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  1. The Casinos will soon be negotiating with students and the disabled.

    Another solution is to shut down a portion of Nevada's prison system to pay for the comped meals tax deficit because raising the property or sales taxes to pay for comped Casino meals is out of the question.

    Where do these Alice in Wonderland Judges come up with their concepts of Law? Raise the tax on me to compensate Casinos and the Bank is going get my house.

  2. Sandoval gets a comped mansion and free medical insurance, let's take that away from him and his family. Also, when will we see his birth certificate? If he is going to run for VP with segregationist Haley Barbour, he will have to show it eventually.

  3. Does the State of Nevada have a budget deficit or not? If we do not, then we can afford to pay the casinos for the great honor they do us by locating here, providing jobs and some tax revenues or we could use the money for other things. If, however, the budget deficit is real, then we need to close it by increasing revenues and stopping all but the most important expenditures -- and if we cannot cover those important expenditures with revenues, we need to cut those, too until the budget is actually in balance.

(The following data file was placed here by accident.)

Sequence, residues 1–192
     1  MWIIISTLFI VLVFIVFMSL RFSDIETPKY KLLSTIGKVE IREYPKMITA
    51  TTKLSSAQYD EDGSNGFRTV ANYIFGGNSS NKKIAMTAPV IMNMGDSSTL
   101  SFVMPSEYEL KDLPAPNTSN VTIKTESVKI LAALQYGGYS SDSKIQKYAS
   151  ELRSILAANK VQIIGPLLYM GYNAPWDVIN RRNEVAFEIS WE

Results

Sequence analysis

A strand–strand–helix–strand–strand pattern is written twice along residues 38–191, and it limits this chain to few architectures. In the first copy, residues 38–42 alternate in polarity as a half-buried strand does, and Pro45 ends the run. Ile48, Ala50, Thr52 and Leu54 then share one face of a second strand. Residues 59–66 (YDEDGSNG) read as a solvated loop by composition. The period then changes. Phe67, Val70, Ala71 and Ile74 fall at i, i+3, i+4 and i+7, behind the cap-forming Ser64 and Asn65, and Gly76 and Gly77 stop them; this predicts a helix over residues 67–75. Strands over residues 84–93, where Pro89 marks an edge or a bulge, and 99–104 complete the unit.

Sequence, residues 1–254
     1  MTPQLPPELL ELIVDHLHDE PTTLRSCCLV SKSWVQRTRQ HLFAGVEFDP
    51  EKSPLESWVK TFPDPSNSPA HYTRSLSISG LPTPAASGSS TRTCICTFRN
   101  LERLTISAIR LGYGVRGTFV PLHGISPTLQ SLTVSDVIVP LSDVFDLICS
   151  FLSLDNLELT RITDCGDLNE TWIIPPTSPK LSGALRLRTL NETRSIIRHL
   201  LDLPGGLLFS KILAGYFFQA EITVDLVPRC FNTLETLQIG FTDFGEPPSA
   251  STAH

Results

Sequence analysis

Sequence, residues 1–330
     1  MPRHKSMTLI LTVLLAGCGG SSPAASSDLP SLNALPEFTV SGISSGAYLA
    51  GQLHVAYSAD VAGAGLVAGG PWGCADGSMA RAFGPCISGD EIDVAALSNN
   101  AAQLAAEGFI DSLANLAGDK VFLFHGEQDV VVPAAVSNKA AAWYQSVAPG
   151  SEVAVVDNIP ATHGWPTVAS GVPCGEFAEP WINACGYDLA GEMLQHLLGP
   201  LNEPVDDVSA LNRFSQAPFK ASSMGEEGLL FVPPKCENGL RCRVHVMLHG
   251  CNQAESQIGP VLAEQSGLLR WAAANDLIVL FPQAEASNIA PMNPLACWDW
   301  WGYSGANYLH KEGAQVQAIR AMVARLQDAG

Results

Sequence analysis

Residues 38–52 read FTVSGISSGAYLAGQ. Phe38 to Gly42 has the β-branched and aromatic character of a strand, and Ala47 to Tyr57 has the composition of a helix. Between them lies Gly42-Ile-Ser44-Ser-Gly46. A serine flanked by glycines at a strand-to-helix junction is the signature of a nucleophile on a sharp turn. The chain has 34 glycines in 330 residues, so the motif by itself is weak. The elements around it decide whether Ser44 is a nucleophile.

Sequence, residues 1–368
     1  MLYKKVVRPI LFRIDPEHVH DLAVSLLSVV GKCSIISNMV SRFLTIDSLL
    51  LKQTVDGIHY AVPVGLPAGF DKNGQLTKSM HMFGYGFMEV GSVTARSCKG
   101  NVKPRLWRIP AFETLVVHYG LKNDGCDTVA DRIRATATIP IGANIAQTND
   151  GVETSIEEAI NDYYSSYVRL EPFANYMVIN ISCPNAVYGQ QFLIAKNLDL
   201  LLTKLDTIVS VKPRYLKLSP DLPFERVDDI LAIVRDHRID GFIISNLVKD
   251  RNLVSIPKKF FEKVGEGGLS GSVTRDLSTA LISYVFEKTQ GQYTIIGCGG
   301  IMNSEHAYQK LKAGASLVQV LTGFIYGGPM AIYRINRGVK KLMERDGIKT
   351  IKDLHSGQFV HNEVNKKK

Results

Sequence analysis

4. No sale takes place when they "GIVE" you that meal so no sales tax should have to be paid.

    At conventions when we give away things the state was making us pay sales tax on the things we gave away also. Pen's, lighters etc. Why? We did not sell them to anyone, we gave them to people at the conventions. Other states do not require us to pay a sales tax when we GIVE things away.

    The judges used common sense on this one and it needs to be upheld. No sale, no sales tax.

  5. The judges got it right. There should be no tax on food given away. What next? Tax food lines and homeless shelters? And think about this: Resort fees, 6:5 blackjack, stingier comps across the board and then when casinos have to pay tax on the food they give away they just give away that much less of it. It all leads to less gambling and less revenue. We are eating the elephant one bite at a time and we won't notice that until the elephant is gone.